Femoral anteversion refers to the orientation of the femoral neck in relation to the femoral condyles at the level of the knee. In most cases, the femoral neck is oriented anteriorly as compared to the femoral condyles. In the case of posterior orientation, the term femoral retroversion is also applied.
Actually describing the intrinsic rotation of the femur over its length from the hip to the knee, femoral anteversion may also be more aptly termed femoral antetorsion.
Femoral anteversion averages between 30-40° at birth, and between 8-14° in adults 1, with males having a slightly less femoral anteversion than females 2.
Some authors will distinguish femoral neck version as the angle of the femoral neck relative to the pelvic horizontal (interischial line), with a normal range of 5-25 degrees of anteversion 3 and femoral neck torsion as the angle between the femoral neck and posterior condylar axis of the distal femur, with a normal range of 10-20 degrees of antetorsion 4.
An increased femoral anteversion is often seen in patients with developmental dysplasia of the hip 5. Moreover, it has been shown that abnormal femoral anteversion can contribute to the development of femoroacetabular impingement (FAI); reduced femoral anteversion is associated with cam-type FAI 6.
Femoral anteversion can be determined by measuring the angle formed between the long axis of the femoral neck and a line parallel to the dorsal aspect of the femoral condyles (posterior condylar axis, or PCA) on axial slices at MRI or CT.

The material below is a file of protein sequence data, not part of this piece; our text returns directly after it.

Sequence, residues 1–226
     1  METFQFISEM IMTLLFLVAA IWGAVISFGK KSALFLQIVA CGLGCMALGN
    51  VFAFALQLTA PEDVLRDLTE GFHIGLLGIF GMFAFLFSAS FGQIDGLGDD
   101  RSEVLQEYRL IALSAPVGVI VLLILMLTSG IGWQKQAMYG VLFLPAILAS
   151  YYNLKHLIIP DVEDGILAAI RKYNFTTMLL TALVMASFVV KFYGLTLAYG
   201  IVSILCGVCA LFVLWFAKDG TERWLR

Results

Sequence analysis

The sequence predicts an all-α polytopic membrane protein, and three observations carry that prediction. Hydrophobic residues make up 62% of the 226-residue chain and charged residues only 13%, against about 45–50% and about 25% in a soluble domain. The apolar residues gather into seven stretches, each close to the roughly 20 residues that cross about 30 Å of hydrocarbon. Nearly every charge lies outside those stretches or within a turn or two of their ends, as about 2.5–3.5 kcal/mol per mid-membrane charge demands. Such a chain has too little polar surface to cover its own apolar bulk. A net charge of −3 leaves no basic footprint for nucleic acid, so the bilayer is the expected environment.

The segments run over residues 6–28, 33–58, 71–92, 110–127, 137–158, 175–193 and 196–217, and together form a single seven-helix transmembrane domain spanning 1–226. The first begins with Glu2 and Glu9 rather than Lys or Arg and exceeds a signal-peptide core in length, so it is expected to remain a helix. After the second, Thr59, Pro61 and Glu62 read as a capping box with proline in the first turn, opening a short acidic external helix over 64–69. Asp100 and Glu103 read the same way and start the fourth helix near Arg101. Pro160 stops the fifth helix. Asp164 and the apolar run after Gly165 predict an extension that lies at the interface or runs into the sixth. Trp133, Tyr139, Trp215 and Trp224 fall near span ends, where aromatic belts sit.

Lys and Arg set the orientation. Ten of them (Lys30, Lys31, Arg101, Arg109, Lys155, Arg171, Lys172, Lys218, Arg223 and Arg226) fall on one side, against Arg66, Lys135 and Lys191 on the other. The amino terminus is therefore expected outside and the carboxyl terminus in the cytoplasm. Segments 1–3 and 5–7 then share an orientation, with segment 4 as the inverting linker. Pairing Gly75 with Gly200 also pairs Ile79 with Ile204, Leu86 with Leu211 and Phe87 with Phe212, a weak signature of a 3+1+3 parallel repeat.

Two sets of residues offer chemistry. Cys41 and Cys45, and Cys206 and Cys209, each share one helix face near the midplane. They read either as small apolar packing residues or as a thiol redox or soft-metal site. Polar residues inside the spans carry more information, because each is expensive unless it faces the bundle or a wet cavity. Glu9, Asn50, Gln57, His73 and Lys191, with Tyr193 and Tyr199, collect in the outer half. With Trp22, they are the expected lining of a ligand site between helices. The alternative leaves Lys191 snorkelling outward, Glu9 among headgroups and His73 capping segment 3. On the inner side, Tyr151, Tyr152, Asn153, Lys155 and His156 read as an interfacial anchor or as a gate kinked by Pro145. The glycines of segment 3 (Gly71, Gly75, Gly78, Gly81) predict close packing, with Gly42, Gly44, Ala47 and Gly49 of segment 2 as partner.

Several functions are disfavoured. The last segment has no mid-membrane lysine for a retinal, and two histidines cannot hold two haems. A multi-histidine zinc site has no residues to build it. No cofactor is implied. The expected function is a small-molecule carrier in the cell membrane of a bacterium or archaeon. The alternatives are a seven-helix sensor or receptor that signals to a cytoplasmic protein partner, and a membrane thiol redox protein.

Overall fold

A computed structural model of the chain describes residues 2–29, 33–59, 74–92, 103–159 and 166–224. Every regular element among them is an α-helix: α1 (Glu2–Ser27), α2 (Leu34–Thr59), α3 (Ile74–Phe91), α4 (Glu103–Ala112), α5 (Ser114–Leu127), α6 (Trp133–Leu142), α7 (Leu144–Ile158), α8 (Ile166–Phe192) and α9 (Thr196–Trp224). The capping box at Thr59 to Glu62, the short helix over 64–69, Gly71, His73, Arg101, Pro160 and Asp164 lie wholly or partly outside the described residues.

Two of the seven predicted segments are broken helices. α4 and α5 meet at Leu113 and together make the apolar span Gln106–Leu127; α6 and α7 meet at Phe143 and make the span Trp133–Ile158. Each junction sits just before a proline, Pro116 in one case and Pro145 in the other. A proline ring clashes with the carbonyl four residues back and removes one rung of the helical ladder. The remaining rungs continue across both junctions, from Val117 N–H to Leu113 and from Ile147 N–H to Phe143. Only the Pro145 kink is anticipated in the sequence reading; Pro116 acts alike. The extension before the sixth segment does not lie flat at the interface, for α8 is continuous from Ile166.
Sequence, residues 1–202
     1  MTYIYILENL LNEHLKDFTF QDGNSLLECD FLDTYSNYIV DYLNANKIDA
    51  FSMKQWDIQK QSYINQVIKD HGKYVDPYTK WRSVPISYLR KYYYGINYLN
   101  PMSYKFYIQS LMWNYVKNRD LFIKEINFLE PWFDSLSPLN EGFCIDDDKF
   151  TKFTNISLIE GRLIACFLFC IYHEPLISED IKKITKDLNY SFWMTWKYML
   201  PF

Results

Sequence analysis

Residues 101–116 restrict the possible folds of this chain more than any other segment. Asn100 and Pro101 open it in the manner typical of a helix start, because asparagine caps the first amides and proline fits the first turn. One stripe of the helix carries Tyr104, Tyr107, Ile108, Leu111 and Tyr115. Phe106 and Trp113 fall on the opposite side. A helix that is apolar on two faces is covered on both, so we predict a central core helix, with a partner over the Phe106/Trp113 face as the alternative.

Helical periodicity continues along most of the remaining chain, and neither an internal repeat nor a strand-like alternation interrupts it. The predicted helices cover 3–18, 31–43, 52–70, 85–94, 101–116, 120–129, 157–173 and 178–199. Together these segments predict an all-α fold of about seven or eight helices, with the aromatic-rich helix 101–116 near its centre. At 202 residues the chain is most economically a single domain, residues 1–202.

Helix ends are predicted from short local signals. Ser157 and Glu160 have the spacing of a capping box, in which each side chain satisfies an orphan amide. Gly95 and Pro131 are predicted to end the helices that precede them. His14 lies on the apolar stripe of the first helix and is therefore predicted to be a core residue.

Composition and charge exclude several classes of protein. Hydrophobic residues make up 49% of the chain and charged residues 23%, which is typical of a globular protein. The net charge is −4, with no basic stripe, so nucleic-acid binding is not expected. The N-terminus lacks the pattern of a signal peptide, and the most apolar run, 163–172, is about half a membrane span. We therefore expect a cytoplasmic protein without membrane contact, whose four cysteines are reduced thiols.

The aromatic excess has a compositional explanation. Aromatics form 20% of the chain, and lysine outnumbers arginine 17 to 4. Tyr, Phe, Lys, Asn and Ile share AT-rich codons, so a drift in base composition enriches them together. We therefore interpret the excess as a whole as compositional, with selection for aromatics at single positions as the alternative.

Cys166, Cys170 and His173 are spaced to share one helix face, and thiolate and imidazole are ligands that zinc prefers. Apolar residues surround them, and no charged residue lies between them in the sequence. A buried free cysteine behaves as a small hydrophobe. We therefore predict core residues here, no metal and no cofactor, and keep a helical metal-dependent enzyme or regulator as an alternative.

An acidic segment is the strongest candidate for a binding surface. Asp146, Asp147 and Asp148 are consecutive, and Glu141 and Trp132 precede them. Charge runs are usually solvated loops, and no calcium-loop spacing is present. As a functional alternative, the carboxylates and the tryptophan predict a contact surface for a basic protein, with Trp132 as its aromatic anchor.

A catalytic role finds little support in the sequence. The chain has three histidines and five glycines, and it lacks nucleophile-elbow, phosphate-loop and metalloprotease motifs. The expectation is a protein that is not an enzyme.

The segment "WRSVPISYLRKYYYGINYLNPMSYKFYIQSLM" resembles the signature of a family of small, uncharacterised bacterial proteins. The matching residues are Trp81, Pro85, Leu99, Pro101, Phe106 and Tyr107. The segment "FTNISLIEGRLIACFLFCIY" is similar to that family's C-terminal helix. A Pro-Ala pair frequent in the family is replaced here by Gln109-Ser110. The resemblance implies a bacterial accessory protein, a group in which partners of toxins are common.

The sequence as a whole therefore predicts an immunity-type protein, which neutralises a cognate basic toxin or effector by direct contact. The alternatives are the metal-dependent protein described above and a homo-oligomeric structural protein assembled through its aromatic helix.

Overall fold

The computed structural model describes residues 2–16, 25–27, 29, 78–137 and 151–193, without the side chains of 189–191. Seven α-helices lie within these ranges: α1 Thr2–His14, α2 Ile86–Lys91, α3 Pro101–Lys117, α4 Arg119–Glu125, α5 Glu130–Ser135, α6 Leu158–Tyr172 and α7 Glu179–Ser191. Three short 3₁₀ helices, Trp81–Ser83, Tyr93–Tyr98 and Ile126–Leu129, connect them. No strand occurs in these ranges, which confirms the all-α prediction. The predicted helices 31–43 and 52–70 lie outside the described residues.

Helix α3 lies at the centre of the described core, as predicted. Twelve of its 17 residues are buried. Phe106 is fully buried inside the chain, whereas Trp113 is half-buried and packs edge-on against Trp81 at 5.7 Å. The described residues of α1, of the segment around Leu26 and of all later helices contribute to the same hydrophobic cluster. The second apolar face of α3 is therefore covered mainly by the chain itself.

Depending on the measuring tools available this can be done either directly by measuring the anteversion angle over two different axial slices at once (one at hip level and one at knee level) or by taking two separate angle measurements using a horizontal line as a static reference on either slice, and subsequently adding or subtracting the resulting angles, depending on their orientation in the same direction (e.g. both measurements clockwise > subtract) or in different directions (e.g. femoral neck measurement counterclockwise and condyle measurement clockwise > add).
It is often easiest to generate a relatively thick MIP at both levels if using CT.
Treatment and prognosis
In many patients, there is no need for an individual correction of an abnormal femoral anteversion. In patients with severe femoral anteversion or retroversion, a subtrochanteric rotational osteotomy of the femur may be performed 7.
History and etymology
The concept of femoral anteversion was first described in 1868 by the anatomist Julius Wolff 8.
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